By Kathryn Reed
Lake Tahoe and many parts of California and Nevada are setting records for being so dry.
Tahoe City receives on average 31.55 inches of precipitation each year. It has received 8.08 inches for 2013. Records date to 1910.
The last significantly dry year was in 1976 when 9.34 inches of precip fell.
South Lake Tahoe’s numbers are not as old and are not as detailed. But the entire basin, Truckee, Reno and Carson areas all in the same dry predicament.
“The high pressure could leave us in a dry pattern in the Sierra for another week or two,” Jessica Kielhorn, meteorologist technician with the National Weather Service in Reno, told Lake Tahoe News.
That ridge of high pressure is just sitting off the California coast, which is causing the dry spell. Storms keep going north and northeast of here.
Statewide electronic readings show the snowpack water content is 20 percent of normal for the date. The first manual reading of the season near the entrance to Sierra-at-Tahoe is Friday. A year ago the snowpack was 150 percent of normal for this time of year.
The official water year ends June 30, so there is time for the water year to be salvaged.
However, the lack of moisture throughout California and Nevada makes this the third year in a row for below normal precipitation.
Snowpack provides for about one-third of California’s drinking and irrigation water.
Normally the hills in the Bay Area and land in the Sacramento Valley are a vibrant green at the start of a new year. That won’t be the case for 2014. They aren’t even the golden brown of summer. The land is barren; not even suitable for grazing.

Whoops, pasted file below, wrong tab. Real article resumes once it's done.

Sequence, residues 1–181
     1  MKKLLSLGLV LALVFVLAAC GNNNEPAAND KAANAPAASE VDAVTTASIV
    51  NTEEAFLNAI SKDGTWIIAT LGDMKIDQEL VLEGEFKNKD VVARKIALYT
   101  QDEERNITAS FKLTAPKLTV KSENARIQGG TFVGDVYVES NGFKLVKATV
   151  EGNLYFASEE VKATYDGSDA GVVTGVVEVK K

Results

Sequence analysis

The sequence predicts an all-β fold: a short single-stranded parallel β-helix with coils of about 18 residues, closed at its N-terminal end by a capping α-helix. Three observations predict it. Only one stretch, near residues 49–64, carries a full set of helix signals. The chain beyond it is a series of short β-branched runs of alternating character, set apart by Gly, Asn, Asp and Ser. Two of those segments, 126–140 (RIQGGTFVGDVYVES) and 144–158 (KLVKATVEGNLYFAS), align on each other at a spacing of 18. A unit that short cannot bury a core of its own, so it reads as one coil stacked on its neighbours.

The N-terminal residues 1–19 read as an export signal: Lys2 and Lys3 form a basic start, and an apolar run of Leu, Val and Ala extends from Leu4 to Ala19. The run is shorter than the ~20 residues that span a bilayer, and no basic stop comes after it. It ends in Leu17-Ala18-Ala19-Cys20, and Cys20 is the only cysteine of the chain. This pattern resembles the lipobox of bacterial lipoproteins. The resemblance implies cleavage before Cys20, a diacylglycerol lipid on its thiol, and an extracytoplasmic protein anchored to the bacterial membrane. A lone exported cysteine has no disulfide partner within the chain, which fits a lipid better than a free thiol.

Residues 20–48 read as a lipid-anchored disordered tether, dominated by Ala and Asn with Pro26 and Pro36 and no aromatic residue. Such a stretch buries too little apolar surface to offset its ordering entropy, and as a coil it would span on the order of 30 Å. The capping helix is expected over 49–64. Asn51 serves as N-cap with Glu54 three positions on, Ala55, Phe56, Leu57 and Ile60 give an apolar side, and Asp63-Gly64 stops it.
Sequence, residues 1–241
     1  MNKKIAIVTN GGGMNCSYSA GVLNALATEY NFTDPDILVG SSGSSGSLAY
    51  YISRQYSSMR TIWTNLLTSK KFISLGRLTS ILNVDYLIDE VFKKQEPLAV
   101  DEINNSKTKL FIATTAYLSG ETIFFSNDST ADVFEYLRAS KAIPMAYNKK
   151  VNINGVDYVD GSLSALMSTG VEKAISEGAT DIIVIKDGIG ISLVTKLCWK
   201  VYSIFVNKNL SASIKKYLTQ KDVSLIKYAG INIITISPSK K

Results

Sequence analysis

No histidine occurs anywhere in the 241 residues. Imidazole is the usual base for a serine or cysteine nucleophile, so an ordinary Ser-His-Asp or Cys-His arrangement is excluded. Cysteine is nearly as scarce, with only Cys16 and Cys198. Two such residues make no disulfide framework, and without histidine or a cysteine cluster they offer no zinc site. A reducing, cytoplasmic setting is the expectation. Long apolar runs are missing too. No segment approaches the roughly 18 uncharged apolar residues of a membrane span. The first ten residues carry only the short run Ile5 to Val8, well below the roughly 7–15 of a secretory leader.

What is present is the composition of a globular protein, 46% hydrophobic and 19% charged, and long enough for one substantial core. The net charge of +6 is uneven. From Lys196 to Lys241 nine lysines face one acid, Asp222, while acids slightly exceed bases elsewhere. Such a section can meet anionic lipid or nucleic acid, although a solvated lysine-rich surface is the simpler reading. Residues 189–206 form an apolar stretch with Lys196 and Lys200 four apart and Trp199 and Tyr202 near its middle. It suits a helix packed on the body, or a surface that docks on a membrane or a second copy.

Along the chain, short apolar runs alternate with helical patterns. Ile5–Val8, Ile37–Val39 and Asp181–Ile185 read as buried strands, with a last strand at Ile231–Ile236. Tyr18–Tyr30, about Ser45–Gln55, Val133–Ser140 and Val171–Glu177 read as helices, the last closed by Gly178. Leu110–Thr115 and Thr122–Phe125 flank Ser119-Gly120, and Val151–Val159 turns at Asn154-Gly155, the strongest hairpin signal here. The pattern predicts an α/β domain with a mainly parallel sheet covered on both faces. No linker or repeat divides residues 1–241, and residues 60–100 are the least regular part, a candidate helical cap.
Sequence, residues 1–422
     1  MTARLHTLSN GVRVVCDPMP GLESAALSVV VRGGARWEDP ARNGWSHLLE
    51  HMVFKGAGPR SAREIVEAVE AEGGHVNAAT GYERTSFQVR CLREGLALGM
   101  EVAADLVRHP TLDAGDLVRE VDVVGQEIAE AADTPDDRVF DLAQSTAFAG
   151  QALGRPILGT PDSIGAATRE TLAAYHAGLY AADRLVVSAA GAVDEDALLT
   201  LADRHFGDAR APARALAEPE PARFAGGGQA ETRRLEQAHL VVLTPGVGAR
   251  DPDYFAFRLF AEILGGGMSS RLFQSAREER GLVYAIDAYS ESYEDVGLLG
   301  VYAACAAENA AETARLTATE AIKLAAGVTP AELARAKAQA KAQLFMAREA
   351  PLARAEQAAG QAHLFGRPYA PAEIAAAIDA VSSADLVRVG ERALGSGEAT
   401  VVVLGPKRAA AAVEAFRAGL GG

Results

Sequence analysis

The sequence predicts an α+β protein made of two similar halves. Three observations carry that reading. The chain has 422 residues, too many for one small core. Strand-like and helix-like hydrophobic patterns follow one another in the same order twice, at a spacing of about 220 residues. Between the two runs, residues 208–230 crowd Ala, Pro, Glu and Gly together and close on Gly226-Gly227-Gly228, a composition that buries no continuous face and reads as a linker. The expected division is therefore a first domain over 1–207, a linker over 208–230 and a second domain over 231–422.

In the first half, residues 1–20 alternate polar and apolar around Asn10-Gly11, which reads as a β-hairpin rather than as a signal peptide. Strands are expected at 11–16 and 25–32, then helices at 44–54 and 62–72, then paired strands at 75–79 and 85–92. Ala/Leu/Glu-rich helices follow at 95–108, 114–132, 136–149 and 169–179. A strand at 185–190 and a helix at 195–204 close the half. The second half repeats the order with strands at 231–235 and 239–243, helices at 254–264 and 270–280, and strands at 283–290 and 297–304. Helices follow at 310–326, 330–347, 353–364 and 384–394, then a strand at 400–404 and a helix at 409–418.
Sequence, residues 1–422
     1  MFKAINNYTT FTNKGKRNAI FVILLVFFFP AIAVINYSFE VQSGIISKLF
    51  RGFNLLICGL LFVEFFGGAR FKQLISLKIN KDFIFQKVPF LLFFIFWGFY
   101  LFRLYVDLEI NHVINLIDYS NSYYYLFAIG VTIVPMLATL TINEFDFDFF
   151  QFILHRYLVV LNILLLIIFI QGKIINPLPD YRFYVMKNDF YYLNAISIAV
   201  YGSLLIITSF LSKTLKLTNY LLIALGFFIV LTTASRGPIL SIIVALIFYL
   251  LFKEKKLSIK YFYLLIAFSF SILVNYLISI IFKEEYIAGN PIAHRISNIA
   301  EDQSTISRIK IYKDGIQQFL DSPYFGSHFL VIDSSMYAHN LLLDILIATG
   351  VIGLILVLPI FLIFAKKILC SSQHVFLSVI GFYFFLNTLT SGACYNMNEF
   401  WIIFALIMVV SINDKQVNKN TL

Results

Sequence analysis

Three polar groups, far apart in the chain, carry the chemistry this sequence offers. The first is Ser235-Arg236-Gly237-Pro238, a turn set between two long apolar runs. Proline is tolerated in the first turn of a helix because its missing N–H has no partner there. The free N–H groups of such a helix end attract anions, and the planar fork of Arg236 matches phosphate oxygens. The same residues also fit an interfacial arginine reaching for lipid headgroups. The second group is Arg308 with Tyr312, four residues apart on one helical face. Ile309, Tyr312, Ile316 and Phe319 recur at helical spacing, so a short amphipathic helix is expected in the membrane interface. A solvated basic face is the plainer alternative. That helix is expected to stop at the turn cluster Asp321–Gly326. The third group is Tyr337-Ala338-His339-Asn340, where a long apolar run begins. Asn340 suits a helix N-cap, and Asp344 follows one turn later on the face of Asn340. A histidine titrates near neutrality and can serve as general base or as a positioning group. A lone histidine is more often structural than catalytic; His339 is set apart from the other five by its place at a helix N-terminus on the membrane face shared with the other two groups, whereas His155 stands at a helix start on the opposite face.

Department of Water Resources Director Mark Cowin on Dec. 13 mobilized a drought management team “to offset potentially devastating impacts to citizen health, well-being and our economy.” Four days later, Gov. Jerry Brown set up a Drought Task Force. Drought conditions are being felt in 94.25 percent of California, according to the U.S. Drought Monitor.
For now, farmers are likely to receive 5 percent of the water they expected. This means some fields will be fallow, while plantings will be scaled back elsewhere. This in turn affects produce prices and unemployment numbers. Both will increase.
The lack of snow is clearly impacting the Lake Tahoe Basin when it comes to tourism. Usually it’s near impossible to get a hotel room this week. But there are several vacancy signs along Highway 50 in South Lake Tahoe.
While ski resorts are open, the bulk of the slopes are covered with man-made snow. Even then, no resort has 100 percent of its terrain open.
If the snow and rain stays away, the other threat to worry about will be wildfires.